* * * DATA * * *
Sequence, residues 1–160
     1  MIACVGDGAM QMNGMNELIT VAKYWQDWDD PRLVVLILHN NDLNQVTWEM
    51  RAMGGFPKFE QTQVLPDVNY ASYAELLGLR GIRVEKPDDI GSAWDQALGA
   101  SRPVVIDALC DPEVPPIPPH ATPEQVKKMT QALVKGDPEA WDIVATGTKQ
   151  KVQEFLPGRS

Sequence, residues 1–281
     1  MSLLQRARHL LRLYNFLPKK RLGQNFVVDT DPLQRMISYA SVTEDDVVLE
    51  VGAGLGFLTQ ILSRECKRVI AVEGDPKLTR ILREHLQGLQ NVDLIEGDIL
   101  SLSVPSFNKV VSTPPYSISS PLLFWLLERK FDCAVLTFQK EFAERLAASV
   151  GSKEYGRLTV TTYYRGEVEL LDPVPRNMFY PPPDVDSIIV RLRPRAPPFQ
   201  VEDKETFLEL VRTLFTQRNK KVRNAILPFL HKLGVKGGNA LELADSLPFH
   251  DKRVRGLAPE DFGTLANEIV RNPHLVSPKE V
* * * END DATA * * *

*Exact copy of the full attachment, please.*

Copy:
Sequence, residues 1–160
     1  MIACVGDGAM QMNGMNELIT VAKYWQDWDD PRLVVLILHN NDLNQVTWEM
    51  RAMGGFPKFE QTQVLPDVNY ASYAELLGLR GIRVEKPDDI GSAWDQALGA
   101  SRPVVIDALC DPEVPPIPPH ATPEQVKKMT QALVKGDPEA WDIVATGTKQ
   151  KVQEFLPGRS

Sequence, residues 1–281
     1  MSLLQRARHL LRLYNFLPKK RLGQNFVVDT DPLQRMISYA SVTEDDVVLE
    51  VGAGLGFLTQ ILSRECKRVI AVEGDPKLTR ILREHLQGLQ NVDLIEGDIL
   101  SLSVPSFNKV VSTPPYSISS PLLFWLLERK FDCAVLTFQK EFAERLAASV
   151  GSKEYGRLTV TTYYRGEVEL LDPVPRNMFY PPPDVDSIIV RLRPRAPPFQ
   201  VEDKETFLEL VRTLFTQRNK KVRNAILPFL HKLGVKGGNA LELADSLPFH
   251  DKRVRGLAPE DFGTLANEIV RNPHLVSPKE V